Social work and related areas of professional activity are conducted through interaction, through purposeful conversations in dyads and groups. For several decades it has been possible to record these conversations for the purpose of studying interaction, and currently the use of audio and video recording is growing.
Nonetheless, little of this staple social work activity is recorded for detailed analysis of the interaction itself. Research more often reports findings based on memory, perception and interpretation of events. The papers in this special issue will analyse interaction as it spontaneously unfolds in different contexts.
Many social work situations are by their nature emotional, both for service users/clients and for professionals. Matters such as mental distress, abuse and neglect, substance misuse, debt, bereavement, and the granting or withholding of resources will arouse emotion.
Social workers are expected to be aware of and responsive to client emotions, both to build rapport and because emotional expression may reveal the intensity of service users’ concerns.
They are also expected to be emotionally resilient and aware of their own emotions, which they manage through processes of supervision and reflection. Some research voices concern that social workers are not sufficiently emotionally responsive to clients and may lack self-awareness.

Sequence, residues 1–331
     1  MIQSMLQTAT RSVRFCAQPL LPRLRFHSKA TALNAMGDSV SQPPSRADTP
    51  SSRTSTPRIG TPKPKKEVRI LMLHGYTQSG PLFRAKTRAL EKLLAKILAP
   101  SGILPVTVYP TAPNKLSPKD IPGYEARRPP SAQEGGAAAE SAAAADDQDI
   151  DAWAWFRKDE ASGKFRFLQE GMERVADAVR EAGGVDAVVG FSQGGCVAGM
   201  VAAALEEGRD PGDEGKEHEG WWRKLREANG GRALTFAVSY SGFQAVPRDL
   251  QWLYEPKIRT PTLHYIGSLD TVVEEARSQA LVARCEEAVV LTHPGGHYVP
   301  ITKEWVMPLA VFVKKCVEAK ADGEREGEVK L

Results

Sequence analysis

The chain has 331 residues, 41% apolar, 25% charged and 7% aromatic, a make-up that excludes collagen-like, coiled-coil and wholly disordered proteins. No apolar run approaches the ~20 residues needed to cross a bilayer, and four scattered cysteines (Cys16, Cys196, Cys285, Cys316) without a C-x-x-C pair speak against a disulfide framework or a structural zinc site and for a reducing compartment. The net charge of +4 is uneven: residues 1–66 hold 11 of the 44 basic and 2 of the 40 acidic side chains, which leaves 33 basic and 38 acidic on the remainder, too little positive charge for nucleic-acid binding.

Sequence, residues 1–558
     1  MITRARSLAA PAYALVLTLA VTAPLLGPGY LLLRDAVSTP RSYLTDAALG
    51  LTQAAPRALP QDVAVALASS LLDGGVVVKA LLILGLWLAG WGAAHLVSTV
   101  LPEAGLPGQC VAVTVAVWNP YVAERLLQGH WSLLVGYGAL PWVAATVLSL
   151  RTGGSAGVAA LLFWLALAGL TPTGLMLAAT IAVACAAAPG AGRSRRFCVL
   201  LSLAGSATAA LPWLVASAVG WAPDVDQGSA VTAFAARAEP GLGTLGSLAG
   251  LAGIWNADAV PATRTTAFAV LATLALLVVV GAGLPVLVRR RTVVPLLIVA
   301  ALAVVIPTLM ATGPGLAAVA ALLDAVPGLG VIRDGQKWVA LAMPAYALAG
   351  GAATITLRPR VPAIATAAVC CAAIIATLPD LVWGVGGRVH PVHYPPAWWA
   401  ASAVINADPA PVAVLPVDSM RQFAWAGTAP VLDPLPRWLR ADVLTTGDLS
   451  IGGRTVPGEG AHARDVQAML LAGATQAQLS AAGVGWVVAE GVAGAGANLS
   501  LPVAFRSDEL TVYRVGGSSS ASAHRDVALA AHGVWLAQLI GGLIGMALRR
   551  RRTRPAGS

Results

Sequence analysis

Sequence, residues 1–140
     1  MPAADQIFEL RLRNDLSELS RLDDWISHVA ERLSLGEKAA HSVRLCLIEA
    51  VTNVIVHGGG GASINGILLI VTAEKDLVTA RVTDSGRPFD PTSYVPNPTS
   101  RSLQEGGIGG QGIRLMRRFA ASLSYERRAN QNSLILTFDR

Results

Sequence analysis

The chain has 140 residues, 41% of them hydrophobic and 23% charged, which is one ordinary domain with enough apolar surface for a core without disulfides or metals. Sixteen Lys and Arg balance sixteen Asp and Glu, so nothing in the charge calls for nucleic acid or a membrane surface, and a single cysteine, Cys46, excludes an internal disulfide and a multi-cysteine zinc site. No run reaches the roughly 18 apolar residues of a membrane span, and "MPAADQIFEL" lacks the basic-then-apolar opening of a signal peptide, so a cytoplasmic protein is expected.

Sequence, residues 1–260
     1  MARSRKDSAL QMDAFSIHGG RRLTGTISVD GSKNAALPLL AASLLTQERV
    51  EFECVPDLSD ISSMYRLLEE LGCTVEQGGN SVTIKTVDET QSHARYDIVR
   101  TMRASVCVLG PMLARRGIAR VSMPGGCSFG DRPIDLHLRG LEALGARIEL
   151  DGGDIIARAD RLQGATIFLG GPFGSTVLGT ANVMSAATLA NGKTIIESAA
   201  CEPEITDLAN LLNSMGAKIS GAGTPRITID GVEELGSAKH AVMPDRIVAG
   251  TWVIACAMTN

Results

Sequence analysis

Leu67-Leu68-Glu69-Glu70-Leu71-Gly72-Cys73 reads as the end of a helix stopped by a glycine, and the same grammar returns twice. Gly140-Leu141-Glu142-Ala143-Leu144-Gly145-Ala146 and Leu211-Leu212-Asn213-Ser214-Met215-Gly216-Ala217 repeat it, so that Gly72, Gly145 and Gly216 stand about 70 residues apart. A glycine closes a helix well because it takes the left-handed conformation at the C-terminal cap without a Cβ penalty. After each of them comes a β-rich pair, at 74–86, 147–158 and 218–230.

This special issue focuses on the observable and analysable aspects of ‘emotion talk’.
- When and how does emotion become relevant in social work and related encounters?
- How do clients and professionals do emotion in different contexts?
- How do professionals observably respond to displays of emotion by clients?
Papers may address expressed emotion and/or conversations that refer to emotional states.
This issue invites papers that analyse discourse and turn-by-turn interactions that have been captured in audio and video recordings.
The aim is to shed light on what occurs in the vicinity of emotion in the purposeful conversations that form a major part of social work practice.
The maximum length for articles is 6,500 words, and shorter pieces are also welcome. Please consult the Journal’s Instructions for Authors for more detailed guidance.
If you would like to talk through your ideas for an article, we would be happy to communicate with you by e-mail, Skype or phone.
Full drafts due: Mid-July 2018
- Guest Editor: Juliet Koprowska
- Guest Editor: Carolus van Nijnatten